“Santa’s Bag” is a new print offering in the the Maitz & Wurts webstore <http://www.paravia.com/catalog/ > based upon a small acrylic painting of the Jolly Old Elf and his sack of toys. The image began as a special project that did not reach the public, till now.
Just finished a commission where I illustrated a collector’s favorite book with the artwork incorporated into a custom wooden box formed to hold the first edition book. In this case, Phillip Jose Farmer’s “Green Odyssey”. My pen and ink art was translated into an engraving on the box lid, and the small (8″ x 5″) acrylic painting inserted into 4 brass retainers on the inside lid of the box. These beautiful, custom boxes are made by Dick Olsen who does the box construction and the engraving from line art supplied by the artist.
” My Prince Hath Croaked” an oil 15″ x 10″ began out as a field study as well at a spot found about a mile from my studio. While I worked, an otter bounced past me and splashed through the water in the foreground and into the culvert behind the figure. I had a photo shoot with a model soon after beginning the painting and one of the poses struck me as a perfect addition to the scene.
A spot tucked within the Myakka River State Park not far from my home. It has been my intention to do something like what Fredrick Remington and N.C. Wyeth did as they visited areas of the Old West to gain accurate information to produce western art. Several modern artists have gone a step further, James Bama and Howard Terpning, gave up their illustration careers in the New York area to be closer to Old West locations. While I am not wishing to give up a career painting fantastic art images, I am embracing my environment to produce pirate / sea rover art that rings with an authenticity of place. Howard Pyle a renowned painter of pirates traveled to Jamaica. Much of my art school training came from still life and figure observation, so recording the outdoors with paints and brushes rounds out my experience. Wild Palms is a 12″ x 9″ oil painting which took me four hours to complete. Painting quickly to capture the essence of a scene before the sun travels a great distance across the sky is a challenging skill to hone. The lighting I observed when I started and what I saw at the end was very different.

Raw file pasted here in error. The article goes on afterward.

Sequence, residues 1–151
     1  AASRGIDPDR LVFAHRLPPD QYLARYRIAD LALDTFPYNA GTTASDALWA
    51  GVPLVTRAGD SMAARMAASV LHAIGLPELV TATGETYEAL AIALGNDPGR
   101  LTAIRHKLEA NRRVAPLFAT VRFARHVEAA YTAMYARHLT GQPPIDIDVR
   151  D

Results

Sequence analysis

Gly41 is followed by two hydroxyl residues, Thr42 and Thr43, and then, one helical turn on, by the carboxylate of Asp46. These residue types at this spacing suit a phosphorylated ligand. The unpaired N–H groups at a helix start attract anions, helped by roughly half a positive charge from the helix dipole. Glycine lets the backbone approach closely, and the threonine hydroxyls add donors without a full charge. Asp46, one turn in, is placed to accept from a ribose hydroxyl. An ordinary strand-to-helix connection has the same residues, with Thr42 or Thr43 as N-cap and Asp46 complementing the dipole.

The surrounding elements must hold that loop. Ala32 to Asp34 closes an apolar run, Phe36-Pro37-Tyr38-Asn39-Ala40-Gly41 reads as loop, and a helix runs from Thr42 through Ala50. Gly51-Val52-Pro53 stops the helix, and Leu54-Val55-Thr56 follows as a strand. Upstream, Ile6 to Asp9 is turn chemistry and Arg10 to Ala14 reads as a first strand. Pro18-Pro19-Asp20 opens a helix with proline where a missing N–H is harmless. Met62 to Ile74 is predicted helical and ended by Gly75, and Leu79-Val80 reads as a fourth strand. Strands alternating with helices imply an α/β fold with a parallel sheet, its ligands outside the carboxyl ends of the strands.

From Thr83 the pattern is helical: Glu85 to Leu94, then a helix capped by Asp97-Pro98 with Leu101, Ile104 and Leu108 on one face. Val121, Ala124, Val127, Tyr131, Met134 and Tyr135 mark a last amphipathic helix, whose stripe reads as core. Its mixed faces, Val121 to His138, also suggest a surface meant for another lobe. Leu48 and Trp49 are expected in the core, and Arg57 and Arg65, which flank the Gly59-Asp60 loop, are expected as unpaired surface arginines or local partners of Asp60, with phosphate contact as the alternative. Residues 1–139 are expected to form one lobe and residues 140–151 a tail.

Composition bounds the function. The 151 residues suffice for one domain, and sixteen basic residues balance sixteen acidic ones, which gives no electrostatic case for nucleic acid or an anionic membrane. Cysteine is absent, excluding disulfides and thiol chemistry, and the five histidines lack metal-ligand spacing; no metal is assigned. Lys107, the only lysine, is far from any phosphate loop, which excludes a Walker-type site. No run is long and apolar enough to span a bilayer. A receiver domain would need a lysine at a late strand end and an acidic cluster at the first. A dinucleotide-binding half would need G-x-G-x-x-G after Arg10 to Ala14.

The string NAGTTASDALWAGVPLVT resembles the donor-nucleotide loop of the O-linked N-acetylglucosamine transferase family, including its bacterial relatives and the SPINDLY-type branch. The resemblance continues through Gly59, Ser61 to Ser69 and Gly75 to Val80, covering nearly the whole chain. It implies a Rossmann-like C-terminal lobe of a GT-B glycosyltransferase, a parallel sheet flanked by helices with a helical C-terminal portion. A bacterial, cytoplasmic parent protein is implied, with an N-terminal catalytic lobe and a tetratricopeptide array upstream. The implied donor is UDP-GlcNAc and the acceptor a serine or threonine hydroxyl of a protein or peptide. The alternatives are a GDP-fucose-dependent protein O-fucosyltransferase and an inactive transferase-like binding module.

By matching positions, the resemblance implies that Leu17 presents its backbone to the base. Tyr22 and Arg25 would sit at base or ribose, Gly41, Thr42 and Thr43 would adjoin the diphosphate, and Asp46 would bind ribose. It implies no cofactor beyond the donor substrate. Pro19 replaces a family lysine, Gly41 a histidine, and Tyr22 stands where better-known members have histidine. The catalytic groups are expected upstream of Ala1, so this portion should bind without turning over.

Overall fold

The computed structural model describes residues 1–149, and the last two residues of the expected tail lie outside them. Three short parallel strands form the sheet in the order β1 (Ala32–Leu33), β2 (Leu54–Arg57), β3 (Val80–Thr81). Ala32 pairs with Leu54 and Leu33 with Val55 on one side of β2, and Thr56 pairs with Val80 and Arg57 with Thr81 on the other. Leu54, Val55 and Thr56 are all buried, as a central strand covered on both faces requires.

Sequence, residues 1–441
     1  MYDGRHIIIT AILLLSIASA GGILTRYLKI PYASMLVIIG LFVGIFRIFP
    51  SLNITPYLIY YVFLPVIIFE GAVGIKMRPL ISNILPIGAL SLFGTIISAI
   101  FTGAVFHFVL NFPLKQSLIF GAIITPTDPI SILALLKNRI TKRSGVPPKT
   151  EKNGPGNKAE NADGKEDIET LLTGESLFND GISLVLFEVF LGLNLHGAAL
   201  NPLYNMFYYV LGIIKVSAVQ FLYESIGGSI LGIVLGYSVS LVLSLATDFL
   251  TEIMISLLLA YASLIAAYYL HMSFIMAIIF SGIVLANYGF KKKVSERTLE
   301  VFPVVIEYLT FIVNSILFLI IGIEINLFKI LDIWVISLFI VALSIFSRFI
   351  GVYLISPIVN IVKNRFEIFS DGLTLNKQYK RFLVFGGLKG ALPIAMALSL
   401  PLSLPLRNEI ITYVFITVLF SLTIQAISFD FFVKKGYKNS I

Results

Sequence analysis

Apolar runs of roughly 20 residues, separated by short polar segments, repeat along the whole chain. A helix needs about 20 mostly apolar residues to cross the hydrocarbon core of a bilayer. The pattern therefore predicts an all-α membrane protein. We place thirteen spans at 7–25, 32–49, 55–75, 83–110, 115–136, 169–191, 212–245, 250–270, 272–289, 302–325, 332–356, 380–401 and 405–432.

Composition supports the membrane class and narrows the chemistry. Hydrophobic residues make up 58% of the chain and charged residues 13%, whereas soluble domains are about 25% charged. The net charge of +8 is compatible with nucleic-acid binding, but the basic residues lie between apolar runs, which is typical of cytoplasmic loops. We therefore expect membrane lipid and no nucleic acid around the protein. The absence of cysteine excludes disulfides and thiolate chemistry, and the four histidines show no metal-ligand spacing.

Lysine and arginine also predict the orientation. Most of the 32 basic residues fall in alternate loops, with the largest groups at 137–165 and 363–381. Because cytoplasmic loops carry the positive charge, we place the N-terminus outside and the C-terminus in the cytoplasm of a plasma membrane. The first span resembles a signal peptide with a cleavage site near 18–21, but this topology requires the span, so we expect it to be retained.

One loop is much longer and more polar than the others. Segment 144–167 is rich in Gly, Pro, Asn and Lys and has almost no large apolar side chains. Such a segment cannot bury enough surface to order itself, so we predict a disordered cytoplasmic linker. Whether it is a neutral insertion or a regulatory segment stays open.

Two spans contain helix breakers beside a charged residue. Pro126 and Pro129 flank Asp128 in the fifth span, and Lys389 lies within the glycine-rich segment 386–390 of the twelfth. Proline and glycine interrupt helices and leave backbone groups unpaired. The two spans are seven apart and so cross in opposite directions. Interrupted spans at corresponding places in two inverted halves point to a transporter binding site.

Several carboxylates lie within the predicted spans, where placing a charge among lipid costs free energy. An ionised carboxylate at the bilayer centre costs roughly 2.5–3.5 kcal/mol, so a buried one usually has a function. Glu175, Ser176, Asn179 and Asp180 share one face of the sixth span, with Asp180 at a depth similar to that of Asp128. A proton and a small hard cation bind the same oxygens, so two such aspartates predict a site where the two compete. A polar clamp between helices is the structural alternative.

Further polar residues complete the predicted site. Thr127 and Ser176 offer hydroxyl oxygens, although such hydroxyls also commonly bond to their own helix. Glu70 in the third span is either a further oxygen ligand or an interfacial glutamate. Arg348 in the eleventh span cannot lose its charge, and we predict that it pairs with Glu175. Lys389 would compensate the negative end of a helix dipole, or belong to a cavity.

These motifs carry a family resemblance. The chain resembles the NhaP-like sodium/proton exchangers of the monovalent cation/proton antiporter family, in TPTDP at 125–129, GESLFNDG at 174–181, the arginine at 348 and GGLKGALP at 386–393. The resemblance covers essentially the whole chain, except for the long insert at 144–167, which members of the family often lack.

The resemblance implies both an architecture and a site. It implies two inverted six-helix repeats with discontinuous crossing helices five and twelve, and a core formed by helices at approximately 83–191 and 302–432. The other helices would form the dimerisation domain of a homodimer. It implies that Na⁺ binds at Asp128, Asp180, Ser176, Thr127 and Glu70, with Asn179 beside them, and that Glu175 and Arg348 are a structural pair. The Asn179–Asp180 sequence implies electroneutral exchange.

The Golden Age of Illustration artist and teacher, Howard Pyle, recommended his students put themselves into the context of their painting to make their artwork more believable and true to the observer. Perhaps I go a bit “overboard” placing myself in such paintings, but Pyle’s reasoning is very sound. There is no better way to represent something than by first experiencing it. “On the Account” is a small 10″ x 8″ oil on panel intended as a preliminary sketch to a larger painting. I kept pursuing the problems and solutions of the work between long lapses, adding new ideas to work out a difficulty, until the the sketch became a small work in itself. It is challenging to take odd bits of research material from a multitude of sources in order to integrate them until a natural and cohesive image evolves. The work originated with a photo taken of me aboard a modern topsail schooner. As I maintained my balance as the ship heeled, rose, and fell in the stiff breeze, the propulsion gave me a rush of emotions I wanted to capture as I imagined the sense of freedom sea rovers felt as they pursued their dreams.
“Duel with the White Knight” a small 10″ x 8″ oil on panel from a scene in George R.R. Martin’s fantasy series originally commissioned for Fantasy Flight Publishing’s “The Art of A Song of Fire and Ice” to feature the sword master’s defense of Arya. Has just been made into a print available in the WebStore: < www.paravia.com/catalog >